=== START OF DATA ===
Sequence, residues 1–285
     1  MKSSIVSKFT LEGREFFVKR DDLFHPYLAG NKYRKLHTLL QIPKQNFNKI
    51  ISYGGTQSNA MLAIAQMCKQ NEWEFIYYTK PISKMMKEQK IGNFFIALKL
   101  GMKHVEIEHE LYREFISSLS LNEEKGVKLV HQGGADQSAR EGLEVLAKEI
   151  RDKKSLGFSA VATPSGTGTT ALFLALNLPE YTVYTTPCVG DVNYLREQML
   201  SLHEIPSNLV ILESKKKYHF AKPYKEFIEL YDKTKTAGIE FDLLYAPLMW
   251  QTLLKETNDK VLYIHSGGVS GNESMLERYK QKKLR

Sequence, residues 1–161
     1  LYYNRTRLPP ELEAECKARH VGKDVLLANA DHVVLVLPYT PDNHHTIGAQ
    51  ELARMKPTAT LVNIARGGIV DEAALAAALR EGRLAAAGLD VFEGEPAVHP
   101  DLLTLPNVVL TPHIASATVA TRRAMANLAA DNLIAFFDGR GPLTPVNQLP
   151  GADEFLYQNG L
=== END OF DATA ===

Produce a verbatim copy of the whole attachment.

Sequence, residues 1–285
     1  MKSSIVSKFT LEGREFFVKR DDLFHPYLAG NKYRKLHTLL QIPKQNFNKI
    51  ISYGGTQSNA MLAIAQMCKQ NEWEFIYYTK PISKMMKEQK IGNFFIALKL
   101  GMKHVEIEHE LYREFISSLS LNEEKGVKLV HQGGADQSAR EGLEVLAKEI
   151  RDKKSLGFSA VATPSGTGTT ALFLALNLPE YTVYTTPCVG DVNYLREQML
   201  SLHEIPSNLV ILESKKKYHF AKPYKEFIEL YDKTKTAGIE FDLLYAPLMW
   251  QTLLKETNDK VLYIHSGGVS GNESMLERYK QKKLR

Sequence, residues 1–161
     1  LYYNRTRLPP ELEAECKARH VGKDVLLANA DHVVLVLPYT PDNHHTIGAQ
    51  ELARMKPTAT LVNIARGGIV DEAALAAALR EGRLAAAGLD VFEGEPAVHP
   101  DLLTLPNVVL TPHIASATVA TRRAMANLAA DNLIAFFDGR GPLTPVNQLP
   151  GADEFLYQNG L